Richard Washart isn't planning on drinking a draft beer anytime soon. The last pint he downed nearly killed him, he says in a lawsuit.
Washart, a retired Ocean City police officer, said events began when he went out for dinner on Nov. 6, 2012 to McCormick and Schmick's at Harrah's Casino in Atlantic City. With a new career as a full-time supervisor of paramedics, he was out to celebrate the successful reboot of AtlantiCare's emergency medical services with co-workers.
Washart, 53, arrived early and ordered a beer at the bar. He finished off a draft of Blue Moon and ordered another, but the bartender said the keg was kicked. So Washart ordered a pint of Sam Adams Winter Lager.
"The seasonal beer had just been introduced," he said. "They're excellent beers."
Washart said he took a sizable swig and instantly, he felt a searing burning sensation in his mouth and down his esophagus.
"The pain was unimaginable," he recounted Tuesday in an interview with Philly.com. "It forced me to run to the bathroom and I immediately began to projectile vomit blood."
He excused himself from his dinner party and rushed home to his wife, Cynthia, who is a registered nurse.
Washart spent a week in an Atlantic City hospital where his doctor surmised Washart had ingested a corrosive, likely a lye-type substance used to decontaminate a beer dispensing line at McCormick and Schmick's, according to a lawsuit filed in Superior Court in Atlantic County.
"You would have thought that a bartender would have noticed something wrong with the beer," said Washart's attorney, Paul D'Amato of Egg Harbor Township. "A friend had handed the beer to him and the friend said the beer looked 'shiny' and had no head on it. He didn't think anything of it. The shiny stuff was the cleaning solution that remained in the beer. "
A representative for McCormick and Schmick's issued a strongly worded statement denying responsibility.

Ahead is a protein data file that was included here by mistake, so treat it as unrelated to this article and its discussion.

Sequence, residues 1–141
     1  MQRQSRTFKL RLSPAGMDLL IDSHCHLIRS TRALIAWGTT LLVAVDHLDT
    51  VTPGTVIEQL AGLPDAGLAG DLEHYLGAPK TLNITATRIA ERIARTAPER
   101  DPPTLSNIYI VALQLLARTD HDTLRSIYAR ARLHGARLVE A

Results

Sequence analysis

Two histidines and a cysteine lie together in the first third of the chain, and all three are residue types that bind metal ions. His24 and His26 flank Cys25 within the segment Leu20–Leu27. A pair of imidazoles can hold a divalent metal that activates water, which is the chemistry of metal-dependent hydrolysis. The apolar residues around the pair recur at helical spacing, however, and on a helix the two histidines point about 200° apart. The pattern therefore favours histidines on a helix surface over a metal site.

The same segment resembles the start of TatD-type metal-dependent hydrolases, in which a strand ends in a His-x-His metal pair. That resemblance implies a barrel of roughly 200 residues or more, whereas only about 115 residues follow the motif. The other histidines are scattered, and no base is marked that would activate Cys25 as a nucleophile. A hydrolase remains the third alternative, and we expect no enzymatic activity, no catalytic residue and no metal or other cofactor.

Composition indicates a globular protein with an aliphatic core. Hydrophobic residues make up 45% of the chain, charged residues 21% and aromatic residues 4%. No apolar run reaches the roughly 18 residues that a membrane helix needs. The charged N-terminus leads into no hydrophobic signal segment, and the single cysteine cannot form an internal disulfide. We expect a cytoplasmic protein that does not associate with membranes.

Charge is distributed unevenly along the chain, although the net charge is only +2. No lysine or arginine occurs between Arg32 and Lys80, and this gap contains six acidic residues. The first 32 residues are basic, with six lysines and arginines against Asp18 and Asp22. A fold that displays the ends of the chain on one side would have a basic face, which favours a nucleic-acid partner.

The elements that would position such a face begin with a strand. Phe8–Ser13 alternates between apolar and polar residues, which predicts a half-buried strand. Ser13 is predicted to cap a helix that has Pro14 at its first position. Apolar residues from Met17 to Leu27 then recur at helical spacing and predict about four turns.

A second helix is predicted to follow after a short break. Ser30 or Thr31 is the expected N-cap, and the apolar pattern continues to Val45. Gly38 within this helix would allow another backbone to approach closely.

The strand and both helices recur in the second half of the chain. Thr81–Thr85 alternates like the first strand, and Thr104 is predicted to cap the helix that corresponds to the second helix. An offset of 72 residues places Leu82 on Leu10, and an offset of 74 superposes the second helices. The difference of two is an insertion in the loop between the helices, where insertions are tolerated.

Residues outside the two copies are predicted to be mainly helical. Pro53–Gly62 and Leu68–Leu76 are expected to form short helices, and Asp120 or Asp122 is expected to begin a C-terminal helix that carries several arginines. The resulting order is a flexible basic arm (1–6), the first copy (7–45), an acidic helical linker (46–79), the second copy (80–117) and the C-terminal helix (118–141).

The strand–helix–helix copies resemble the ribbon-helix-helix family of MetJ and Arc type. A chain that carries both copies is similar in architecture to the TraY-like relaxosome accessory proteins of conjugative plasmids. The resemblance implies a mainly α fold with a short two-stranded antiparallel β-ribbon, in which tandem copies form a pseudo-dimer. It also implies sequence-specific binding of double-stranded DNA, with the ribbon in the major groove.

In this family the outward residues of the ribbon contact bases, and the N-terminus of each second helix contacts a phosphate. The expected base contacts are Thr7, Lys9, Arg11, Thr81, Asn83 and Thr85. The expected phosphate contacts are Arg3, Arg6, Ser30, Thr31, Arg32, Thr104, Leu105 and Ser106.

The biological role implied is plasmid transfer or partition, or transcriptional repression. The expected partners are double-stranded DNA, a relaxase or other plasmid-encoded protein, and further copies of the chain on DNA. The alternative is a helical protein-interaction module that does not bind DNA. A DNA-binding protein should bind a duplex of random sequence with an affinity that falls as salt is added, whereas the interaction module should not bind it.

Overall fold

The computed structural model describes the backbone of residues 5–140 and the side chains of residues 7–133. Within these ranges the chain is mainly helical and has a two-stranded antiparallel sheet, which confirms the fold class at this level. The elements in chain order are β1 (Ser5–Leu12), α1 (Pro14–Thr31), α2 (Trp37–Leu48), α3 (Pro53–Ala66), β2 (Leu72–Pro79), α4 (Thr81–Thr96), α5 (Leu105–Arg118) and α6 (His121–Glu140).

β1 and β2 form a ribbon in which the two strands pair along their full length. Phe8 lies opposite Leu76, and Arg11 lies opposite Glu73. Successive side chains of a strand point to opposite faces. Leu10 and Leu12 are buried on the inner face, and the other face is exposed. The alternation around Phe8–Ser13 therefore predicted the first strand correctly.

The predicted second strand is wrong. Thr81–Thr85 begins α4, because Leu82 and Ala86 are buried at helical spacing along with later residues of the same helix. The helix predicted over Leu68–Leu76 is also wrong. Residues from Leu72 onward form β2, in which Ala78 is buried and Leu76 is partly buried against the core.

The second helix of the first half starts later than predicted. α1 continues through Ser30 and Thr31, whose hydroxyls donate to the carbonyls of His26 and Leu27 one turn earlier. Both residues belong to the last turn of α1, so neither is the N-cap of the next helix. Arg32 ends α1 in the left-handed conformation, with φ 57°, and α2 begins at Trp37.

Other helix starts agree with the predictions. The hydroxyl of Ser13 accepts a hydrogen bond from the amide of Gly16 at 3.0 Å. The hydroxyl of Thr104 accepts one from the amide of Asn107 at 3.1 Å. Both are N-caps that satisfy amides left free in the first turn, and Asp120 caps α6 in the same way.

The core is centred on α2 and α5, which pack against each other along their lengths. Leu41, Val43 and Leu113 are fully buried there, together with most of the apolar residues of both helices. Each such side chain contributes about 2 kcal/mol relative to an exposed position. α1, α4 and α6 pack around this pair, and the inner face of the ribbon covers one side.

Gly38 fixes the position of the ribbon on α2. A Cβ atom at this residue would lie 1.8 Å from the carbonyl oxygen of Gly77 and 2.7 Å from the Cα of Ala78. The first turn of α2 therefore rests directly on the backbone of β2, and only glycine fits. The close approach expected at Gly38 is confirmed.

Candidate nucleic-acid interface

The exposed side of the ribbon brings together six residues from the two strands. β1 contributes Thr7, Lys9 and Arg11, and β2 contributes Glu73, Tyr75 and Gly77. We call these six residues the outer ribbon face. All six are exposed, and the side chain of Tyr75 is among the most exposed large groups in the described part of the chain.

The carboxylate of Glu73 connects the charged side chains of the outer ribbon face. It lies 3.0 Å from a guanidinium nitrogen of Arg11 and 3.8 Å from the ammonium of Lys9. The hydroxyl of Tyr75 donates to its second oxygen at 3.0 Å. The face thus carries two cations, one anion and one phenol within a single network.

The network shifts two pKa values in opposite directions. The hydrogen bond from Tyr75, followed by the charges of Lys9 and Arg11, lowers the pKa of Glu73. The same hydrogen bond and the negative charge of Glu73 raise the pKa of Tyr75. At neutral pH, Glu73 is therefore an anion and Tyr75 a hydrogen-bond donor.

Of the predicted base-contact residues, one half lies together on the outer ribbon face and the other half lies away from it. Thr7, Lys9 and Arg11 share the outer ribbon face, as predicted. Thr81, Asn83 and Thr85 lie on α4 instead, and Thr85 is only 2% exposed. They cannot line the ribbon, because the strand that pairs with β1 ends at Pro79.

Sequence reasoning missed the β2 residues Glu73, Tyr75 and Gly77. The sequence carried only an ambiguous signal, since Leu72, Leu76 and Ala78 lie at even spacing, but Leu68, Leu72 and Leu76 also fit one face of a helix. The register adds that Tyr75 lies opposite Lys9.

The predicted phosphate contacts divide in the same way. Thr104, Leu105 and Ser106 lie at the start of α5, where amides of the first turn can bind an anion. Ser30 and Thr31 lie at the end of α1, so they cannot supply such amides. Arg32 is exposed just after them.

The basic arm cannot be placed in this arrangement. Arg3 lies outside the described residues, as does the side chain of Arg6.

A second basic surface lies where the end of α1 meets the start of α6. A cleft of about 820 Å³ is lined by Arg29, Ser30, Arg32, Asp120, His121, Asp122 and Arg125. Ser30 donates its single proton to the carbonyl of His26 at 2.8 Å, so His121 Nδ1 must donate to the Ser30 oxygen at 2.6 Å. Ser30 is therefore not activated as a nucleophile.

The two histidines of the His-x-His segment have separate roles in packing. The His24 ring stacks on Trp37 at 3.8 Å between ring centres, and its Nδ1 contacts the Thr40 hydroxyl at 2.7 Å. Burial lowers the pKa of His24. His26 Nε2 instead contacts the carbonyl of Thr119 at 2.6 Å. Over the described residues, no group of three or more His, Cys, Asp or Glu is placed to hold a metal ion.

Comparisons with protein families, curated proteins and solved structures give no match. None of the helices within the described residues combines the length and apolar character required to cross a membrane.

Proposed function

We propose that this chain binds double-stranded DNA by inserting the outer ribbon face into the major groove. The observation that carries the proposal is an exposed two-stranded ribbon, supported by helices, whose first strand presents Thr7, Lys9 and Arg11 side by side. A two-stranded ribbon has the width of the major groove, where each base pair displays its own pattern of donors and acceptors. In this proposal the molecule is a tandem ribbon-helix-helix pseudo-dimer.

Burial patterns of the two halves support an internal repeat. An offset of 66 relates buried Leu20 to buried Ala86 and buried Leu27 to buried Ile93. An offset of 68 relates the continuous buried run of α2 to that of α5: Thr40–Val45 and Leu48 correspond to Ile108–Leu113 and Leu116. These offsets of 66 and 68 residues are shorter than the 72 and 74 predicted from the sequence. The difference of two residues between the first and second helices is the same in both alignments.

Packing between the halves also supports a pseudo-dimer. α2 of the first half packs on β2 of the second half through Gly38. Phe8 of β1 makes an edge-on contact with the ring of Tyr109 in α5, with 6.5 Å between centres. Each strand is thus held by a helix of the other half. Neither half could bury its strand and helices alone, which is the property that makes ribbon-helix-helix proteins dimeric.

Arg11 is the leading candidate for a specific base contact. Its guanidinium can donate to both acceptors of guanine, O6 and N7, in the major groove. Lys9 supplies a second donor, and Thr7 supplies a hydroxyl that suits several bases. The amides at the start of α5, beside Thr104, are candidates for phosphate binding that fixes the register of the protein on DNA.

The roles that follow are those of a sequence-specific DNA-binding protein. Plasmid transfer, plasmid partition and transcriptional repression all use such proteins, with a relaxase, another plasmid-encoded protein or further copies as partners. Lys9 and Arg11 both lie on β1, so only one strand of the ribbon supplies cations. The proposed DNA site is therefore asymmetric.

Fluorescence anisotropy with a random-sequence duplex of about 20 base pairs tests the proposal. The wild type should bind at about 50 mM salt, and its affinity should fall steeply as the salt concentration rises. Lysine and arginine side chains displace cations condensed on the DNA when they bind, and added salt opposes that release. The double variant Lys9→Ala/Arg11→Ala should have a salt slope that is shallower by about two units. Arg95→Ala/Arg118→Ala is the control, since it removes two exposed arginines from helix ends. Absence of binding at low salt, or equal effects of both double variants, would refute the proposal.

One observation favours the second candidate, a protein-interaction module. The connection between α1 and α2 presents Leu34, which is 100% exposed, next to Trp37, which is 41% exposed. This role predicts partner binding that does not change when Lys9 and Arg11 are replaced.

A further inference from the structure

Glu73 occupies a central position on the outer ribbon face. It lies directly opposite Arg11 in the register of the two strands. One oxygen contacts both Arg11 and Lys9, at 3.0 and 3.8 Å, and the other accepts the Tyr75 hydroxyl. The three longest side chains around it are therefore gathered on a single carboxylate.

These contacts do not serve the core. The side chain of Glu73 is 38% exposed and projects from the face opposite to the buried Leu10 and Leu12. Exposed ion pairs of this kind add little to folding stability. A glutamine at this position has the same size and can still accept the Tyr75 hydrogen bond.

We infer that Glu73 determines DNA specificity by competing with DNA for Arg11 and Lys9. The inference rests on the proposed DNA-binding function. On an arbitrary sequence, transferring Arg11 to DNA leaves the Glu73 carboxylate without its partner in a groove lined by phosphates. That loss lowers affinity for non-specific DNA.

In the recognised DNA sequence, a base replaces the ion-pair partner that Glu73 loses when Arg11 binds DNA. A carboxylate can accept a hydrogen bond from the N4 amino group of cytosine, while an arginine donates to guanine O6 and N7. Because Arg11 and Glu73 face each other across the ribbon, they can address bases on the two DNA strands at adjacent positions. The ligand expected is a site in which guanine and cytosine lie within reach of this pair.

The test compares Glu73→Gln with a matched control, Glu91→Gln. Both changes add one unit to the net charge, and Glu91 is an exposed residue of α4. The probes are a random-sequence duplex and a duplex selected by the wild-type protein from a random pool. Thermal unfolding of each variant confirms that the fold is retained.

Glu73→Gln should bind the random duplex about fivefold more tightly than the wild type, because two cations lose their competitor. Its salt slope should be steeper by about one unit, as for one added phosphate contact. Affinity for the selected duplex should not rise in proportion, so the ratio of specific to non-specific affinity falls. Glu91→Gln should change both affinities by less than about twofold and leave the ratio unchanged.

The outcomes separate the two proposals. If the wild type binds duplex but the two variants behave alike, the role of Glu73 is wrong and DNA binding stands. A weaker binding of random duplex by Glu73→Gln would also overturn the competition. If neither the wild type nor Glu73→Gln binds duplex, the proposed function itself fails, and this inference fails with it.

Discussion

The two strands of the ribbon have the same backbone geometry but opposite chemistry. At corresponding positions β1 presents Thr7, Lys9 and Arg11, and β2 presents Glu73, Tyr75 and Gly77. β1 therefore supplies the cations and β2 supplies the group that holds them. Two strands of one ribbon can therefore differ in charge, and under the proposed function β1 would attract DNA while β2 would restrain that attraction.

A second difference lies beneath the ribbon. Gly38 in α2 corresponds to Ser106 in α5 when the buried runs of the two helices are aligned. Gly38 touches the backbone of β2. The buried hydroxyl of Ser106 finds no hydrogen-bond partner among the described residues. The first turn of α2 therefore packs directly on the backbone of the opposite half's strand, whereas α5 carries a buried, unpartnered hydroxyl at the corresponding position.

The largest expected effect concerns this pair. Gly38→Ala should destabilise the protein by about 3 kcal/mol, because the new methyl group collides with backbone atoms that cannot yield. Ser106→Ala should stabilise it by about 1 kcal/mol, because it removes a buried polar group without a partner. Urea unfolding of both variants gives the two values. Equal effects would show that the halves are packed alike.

"McCormick & Schmick denies the baseless allegations made by Mr. D'Amato's law firm in an attempt to posture and gain media attention on a case that was filed on his client's behalf more than two years ago," the statement said. "During the entire course of this litigation, Mr. Washart and his attorneys have been unable to provide a shred of evidence proving that McCormick & Schmick did anything wrong. Moreover, no other person who drank tap beer on that day experienced any issues. We will not allow the Plaintiff's attorney to tarnish our good name over a frivolous lawsuit such as this, and remain very confident that we will prevail on the merits of this case."
But Washart maintains his story is true. Shortly after being stricken, Washart said his son called the restaurant to let them know.
"They joked about it," Washart said. "McCormick and Schmick's kinda blew us off."
The caustic liquid burned away nearly 25 percent of Washart's stomach lining and caused additional damage to his digestive tract. Two years later, he's healing slowly and remains in constant pain.
During a health department investigation that followed, McCormick and Schmick's managers said the beer distributor, Kramer Beverage, had been to the restaurant and cleaned the lines. Kramer is also a defendant in the lawsuit along with the restaurant.
Mark Kramer, CEO of Kramer Beverage, said what happened to Washart was unfortunate but Kramer Beverage was not to blame.
"He certainly suffered significant injuries. But I'm certainly not a doctor, I sell beer for a living," Kramer said. "What I do know for sure is we weren't there that day."
Washart is willing to let a jury sort out who is responsible for his injuries.
Before the case goes to trial in spring 2016, though, his attorney needs to speak with employees of the restaurant or the beer distributor who may have information about that day, the first day the Atlantic City casinos reopened after being closed for a week in the aftermath of Superstorm Sandy.
Washart has returned to work at AtlantiCare. He's determined to make sure a similar incident never happens to anyone else.
"I will never forget, not just the incredible burning sensation from my mouth to my stomach, but also being told how I could have died from drinking that beer," Washart said. "I only wish it were a bad dream. It is a nightmare with which I live every day."